if($this->data['id_client']=='' && $this->data['id_company']!='') {
		$companyObj = new company($this->data['id_company']);
		$this->setIDclient($companyObj->getIDclient());
	}
}

I’ll go over the dateFormat function at another time. It’s one of those functions that makes me love PHP and is really simple to create.

The next function is the real meat of this post: objectSave(). objectSave() has been an evolution of various needs over time and if I were to design it from scratch today, I’d write it slightly differently. (First thing, pass all data via one $parameters array rather than the listed parameters that it has now.) You’ll also see in this function a function for writeAuditLog(). That’s a function that is worth it’s own posting later as well. And, since this was written for a particular system, it has some database names and table names hard-coded. That, ideally, should be abstracted. Overall though, this function is called many thousands (perhaps hundreds of thousands?) of times a day and saves us countless time and effort.

function objectSave($tableName, $id=NULL, $dataArray, $databaseName='dtrm', $extraParams=array()) {
	
	$writeAudit = false;
	if($extraParams['writeAudit']===true) {
		$writeAudit = true;
	}
	
	if($id==NULL) {
		if($dataArray['id']!=NULL) {
			$id = $dataArray['id'];
		}
	}
	
	if($id==NULL) {
		mysql_query("SET NAMES utf8",$GLOBALS['standardDBlink']);
		$preferredID = $extraParams['preferredID'];
		$query = "INSERT INTO ".$databaseName.".".$tableName." (`id`) VALUES ('".$preferredID."')";
		$q_insert = mysql_query($query);showMySQLError(mysql_error($GLOBALS['standardDBlink']),$query);
		$sqlError = mysql_error($GLOBALS['standardDBlink']);
		if($sqlError!='') {
			$query2 = "INSERT INTO dtrm.badQueryLog (`query`, `page`, `datetime_created`, `error_text`) 
						VALUES ('".encodeSQL($q_insert)."', '".encodeSQL(curPageURL())."',NOW(), 
								'".encodeSQL($sqlError)."')";
			insertMySQLData($query2);
		}
		$id = mysql_insert_id();
		
		if($writeAudit===true) {
			$subParams = array();
			$subParams['databaseName']=$databaseName;
			$subParams['tableName']=$tableName;
			$subParams['primaryKeyName']='id';
			$subParams['primaryKeyValue']=$id;
			$subParams['arbitraryValue']="New Record";
			writeAuditLog($subParams);
		}
	}

	if($writeAudit===true) {
		$subParams = array();
		$subParams['databaseName']=$databaseName;
		$subParams['tableName']=$tableName;
		$subParams['primaryKeyName']='id';
		$subParams['primaryKeyValue']=$id;
		$subParams['newDataArray']=$dataArray;
		writeAuditLog($subParams);
	}
	
	mysql_query("SET NAMES utf8",$GLOBALS['standardDBlink']);
	
	$query = "UPDATE ".$databaseName.".".$tableName." SET ";
	foreach ($dataArray AS $key=>$val) {
		if($key!='id') {
			$query .= "`".$key."`=";
			if($val==='' || $val===NULL) {
				$query .= "NULL, ";
			} else {
				$query .= "'".mysql_real_escape_string($val)."', ";
			}
		}
	}
	$query = trim($query, ", ");
	$query .= " WHERE id=".$id;
	$update_q = mysql_query($query);showMySQLError(mysql_error($GLOBALS['standardDBlink']),$query);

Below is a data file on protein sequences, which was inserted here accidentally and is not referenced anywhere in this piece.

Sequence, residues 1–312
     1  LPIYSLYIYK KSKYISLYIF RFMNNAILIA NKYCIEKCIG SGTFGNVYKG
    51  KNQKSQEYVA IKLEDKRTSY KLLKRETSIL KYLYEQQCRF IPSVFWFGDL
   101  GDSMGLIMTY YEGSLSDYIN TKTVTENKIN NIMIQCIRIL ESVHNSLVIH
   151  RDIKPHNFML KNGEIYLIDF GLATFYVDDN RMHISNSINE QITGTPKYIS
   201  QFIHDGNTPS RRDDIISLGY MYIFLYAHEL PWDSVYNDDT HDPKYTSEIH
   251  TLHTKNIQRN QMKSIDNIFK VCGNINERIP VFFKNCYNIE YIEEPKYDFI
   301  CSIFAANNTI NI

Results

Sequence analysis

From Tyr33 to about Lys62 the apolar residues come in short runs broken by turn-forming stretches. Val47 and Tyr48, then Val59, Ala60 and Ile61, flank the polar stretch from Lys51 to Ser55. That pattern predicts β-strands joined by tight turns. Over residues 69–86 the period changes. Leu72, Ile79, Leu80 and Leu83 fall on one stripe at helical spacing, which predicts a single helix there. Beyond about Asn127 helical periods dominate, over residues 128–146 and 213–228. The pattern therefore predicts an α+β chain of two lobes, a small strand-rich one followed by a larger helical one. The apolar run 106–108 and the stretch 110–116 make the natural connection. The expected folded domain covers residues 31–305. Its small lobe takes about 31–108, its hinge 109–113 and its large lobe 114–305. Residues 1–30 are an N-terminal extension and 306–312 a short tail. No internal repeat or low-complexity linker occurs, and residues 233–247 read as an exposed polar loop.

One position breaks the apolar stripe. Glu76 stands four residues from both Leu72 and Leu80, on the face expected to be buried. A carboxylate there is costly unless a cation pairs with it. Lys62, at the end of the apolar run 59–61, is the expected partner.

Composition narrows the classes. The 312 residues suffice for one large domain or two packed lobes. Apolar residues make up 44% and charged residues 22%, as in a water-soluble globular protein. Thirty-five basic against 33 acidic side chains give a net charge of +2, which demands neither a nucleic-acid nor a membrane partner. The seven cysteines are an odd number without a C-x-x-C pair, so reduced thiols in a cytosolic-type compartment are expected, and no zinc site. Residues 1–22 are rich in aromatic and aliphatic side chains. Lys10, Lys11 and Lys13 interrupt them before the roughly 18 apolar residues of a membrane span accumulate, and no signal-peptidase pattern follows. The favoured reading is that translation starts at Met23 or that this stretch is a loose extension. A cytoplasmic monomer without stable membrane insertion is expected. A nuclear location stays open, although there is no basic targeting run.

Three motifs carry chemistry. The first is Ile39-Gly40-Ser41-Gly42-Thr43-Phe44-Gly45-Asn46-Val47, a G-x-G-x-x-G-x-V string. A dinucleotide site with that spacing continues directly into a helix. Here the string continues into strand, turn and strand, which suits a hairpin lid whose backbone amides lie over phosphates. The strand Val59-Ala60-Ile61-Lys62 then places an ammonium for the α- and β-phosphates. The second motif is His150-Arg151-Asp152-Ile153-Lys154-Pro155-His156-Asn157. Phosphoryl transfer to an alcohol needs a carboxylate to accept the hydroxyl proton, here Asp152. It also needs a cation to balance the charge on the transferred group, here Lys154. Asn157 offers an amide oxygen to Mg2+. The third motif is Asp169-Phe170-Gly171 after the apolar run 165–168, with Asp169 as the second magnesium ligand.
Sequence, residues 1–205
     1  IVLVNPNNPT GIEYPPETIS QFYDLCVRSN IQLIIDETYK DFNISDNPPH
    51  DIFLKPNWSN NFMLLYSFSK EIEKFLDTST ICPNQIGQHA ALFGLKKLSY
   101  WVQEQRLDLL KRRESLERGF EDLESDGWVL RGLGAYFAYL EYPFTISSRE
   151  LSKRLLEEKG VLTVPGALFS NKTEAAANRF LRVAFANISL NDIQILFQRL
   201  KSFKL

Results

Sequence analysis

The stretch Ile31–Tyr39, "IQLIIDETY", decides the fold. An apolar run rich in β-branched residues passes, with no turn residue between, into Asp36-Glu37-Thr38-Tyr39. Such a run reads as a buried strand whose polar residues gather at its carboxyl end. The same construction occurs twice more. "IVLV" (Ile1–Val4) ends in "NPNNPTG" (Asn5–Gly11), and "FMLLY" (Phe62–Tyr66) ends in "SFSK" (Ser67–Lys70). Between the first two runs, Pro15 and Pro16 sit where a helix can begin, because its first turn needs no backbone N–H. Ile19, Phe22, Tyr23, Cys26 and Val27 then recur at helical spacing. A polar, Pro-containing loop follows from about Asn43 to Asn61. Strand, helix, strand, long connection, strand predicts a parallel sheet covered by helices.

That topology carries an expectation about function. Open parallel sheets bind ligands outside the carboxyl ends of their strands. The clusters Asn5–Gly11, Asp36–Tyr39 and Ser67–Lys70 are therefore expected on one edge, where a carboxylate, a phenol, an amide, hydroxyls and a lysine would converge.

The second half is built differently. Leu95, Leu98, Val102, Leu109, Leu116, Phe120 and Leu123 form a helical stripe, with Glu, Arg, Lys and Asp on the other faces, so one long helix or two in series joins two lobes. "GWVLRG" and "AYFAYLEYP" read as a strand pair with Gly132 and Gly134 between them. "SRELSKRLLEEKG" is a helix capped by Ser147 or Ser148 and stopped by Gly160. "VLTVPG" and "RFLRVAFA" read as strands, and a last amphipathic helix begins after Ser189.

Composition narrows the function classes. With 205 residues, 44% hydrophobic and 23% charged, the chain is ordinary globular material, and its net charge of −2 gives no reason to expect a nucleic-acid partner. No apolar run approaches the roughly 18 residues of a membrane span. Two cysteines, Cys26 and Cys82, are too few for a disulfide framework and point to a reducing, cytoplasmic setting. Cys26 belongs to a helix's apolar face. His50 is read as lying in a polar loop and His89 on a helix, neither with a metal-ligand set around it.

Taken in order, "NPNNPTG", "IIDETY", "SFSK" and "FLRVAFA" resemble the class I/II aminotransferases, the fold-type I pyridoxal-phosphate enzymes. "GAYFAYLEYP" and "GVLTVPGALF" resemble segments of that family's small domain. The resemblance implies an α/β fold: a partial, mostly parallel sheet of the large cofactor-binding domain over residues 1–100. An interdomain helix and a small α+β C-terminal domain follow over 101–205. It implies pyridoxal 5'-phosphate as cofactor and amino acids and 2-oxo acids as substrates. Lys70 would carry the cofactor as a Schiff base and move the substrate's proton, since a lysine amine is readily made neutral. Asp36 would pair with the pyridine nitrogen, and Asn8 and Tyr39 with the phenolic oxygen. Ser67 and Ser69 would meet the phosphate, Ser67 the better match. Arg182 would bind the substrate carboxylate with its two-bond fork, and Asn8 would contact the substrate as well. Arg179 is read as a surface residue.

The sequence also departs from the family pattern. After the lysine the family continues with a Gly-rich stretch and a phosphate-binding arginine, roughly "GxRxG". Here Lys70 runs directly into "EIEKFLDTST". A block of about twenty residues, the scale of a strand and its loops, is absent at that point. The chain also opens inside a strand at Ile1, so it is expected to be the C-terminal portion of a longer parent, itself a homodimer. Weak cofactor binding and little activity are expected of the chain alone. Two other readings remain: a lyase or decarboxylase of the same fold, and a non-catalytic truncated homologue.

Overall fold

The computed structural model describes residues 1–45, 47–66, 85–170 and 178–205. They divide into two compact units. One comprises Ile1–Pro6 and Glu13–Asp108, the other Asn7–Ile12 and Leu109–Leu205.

$sqlError = mysql_error($GLOBALS['standardDBlink']);
	if($sqlError!='') {
		$query2 = "INSERT INTO dtrm.badQueryLog (`query`, `page`, `datetime_created`, `error_text`) 
					VALUES ('".encodeSQL($update_q)."', '".encodeSQL(curPageURL())."',NOW(), 
							'".encodeSQL($sqlError)."')";
		insertMySQLData($query2);
	}
	
	return $id;
	
}

The above function will take the $data array from the class structure that has already been defined and write those fields, correctly, to a MySQL table. That saves infinite time trying to match up fields in code to MySQL insert and update statements. It also handles returning the $id value whether it stays the same or is created as a result of performing the save. Plus, it logs any errors that happen so you can easily see what you’re doing wrong if you make typos in your code. Oh, and it handles NULL values correctly so you don’t end up with blank or ‘0’ values in your table.

The last function in our save function is postSaveFunctions(). This function isn’t used nearly as much as the others listed here, but it can be really handy if you need to have some code execute after you have a primary key identified or otherwise need to have data written before executing the code. I often create a postSaveTriggers array within an object if I am going to need to perform postSaveFunctions so that in other places in the class I can add items to the postSaveTriggers array and then have the class execute them automatically later when it is saved.

function doPostSaveTriggers() {
	$triggersPerformed = array();
	foreach($this->postSaveTriggers AS $triggerName) {

		// skip the trigger if it has already been performed
		if(in_array($triggerName,$triggersPerformed)) {
			continue;
		}
		
		if($triggerName=="human_audit_created") {
			// do stuff here
		}

		if($triggerName=="hire_nostart_payoutEmail") {
			// do stuff here
		}

	}
	$this->postSaveTriggers = array();
}

I want to make sure to make one point clear: the save(), dataChecks(), and postSaveFunctions() functions all all class-specific. The objectSave() function is a single piece of code that should be included via a common file for use everywhere in your system.

August 20th, 2013

Posted In: Functions